Will there be a run on pension funds? It was inevitable that the Bank of England would curtail its support somewhere when 'support' means literally printing money in order to keep fueling a collapsing economy.
Just a few weeks ago, at the point during which the British Pound was in absolute freefall against the Euro and US Dollar, the Bank of England introduced a £65 billion bond buying program which was aimed at preventing a market rout, which was viewed as a money printing exercise and raised many fears among investors.
Now, as the Pound has continued its downward slide, the Bank of England yesterday hinted at potentially ending its support by exiting its emergency gilt support program to pension companies on Friday, as planned.
Speaking in Washington DC yesterday, Bank of England Governor Andrew Bailey stated publicly that "The rebalancing must be done and my message to the funds involved and all the firms involved managing those funds: you've got three days left now. You've got to get this done."
The result was a significant amount of fear among British investors and private pension contributors who began to raise concerns that their pension funds would become worthless, or that the companies responsible for managing them may face financial difficulties.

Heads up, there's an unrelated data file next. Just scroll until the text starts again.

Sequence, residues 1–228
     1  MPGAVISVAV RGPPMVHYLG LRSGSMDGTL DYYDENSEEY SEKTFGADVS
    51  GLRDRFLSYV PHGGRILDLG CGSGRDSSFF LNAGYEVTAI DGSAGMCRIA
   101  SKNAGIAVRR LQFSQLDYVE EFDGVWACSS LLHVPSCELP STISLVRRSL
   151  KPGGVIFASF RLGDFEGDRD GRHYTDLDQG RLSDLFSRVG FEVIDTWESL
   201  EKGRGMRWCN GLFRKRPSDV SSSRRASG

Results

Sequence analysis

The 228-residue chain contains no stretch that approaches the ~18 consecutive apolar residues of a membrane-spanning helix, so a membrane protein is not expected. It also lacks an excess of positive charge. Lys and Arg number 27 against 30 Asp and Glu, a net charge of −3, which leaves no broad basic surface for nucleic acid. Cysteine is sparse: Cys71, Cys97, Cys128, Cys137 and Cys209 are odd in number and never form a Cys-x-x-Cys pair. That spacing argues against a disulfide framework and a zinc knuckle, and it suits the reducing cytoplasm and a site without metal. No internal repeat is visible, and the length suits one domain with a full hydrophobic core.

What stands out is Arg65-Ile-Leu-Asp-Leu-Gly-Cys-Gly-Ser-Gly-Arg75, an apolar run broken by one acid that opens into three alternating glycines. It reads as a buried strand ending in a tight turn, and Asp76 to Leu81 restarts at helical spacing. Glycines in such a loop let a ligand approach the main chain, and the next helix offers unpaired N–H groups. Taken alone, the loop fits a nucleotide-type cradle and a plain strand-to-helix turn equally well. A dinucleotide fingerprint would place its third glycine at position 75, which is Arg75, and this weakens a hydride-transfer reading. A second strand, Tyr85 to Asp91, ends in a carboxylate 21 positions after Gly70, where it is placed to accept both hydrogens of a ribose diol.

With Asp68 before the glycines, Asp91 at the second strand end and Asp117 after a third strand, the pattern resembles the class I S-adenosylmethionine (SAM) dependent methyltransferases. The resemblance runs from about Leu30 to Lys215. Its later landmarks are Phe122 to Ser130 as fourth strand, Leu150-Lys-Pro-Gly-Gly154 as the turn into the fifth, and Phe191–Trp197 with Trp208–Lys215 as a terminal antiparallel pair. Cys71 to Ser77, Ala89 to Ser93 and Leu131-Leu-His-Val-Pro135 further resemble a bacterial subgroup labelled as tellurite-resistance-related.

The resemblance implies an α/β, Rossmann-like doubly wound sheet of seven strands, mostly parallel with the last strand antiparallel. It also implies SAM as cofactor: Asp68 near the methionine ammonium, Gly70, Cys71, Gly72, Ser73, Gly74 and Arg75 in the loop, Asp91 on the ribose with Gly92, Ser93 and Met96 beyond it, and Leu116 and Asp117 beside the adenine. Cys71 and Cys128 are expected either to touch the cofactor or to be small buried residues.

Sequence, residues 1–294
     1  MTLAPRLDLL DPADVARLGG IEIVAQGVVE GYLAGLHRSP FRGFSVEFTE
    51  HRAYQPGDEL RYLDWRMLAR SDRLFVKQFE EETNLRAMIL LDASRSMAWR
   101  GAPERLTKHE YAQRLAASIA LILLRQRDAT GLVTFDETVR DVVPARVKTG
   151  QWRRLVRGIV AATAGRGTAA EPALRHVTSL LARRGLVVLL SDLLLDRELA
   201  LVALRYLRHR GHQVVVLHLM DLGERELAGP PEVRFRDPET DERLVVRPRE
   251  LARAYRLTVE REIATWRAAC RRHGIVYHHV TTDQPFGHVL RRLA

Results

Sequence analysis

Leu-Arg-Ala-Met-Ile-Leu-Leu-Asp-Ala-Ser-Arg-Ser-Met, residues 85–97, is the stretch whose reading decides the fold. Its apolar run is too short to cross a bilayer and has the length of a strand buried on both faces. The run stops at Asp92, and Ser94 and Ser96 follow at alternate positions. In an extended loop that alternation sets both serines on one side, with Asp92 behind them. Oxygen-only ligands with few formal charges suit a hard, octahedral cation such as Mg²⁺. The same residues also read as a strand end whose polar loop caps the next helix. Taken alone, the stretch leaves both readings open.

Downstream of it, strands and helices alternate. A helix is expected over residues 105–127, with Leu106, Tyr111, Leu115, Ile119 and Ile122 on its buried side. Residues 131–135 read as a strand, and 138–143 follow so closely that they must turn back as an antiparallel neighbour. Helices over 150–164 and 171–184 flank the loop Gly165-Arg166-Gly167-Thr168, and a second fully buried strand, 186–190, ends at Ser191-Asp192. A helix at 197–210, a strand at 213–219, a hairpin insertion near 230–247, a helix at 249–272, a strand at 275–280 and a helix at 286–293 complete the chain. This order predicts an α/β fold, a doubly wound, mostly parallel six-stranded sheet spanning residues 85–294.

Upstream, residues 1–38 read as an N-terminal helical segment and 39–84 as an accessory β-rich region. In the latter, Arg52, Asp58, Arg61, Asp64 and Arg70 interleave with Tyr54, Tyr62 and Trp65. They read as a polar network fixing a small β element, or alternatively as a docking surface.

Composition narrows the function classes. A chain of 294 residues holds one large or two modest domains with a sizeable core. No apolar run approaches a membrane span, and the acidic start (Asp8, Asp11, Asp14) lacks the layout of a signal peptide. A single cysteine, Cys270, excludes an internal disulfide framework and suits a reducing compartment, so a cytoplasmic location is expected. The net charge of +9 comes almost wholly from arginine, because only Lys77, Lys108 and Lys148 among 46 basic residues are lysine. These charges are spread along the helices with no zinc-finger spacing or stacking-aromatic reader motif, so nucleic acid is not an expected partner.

Commentary in mainstream news contained viewpoints such as people in their mid-fifties considering withdrawing their pension as a lump sum to protect it.
The market reacted as perhaps expected, with traders dumping the Pound and a further decline in value having taken place.
During the US trading session yesterday, the British Pound dropped to 1.09 against the Euro and further slid against the US Dollar.
This morning, however, messages have become mixed as Bank of England Governor Andrew Bailey stated during private conversations with bank executives that the Bank of England may look at extending its emergency bond-buying program past this Friday’s deadline, according to people briefed on the discussions which made its way into the Financial Times this morning, despite Mr Bailey having already told pension funds that they “have three days left” before the support ends.
Pension funds are now in the process of redefining their investment strategies as the support is set to end in just three days time, however with the British Pound in turmoil, the economy tanking and inflation rampaging, interest rates set to reach between 5% and 6% by January 2023, there is a pinch to be felt for borrowers as well as those who are saving for their retirement.
This double-edged sword has not gone down well with investors and the overall outlook for the Pound is bleak indeed, especially considering that the UK Gilt market is not in the best shape, and internal reports have shown that the pensions industry is in no way ready for the Bank of England to withdraw its support.
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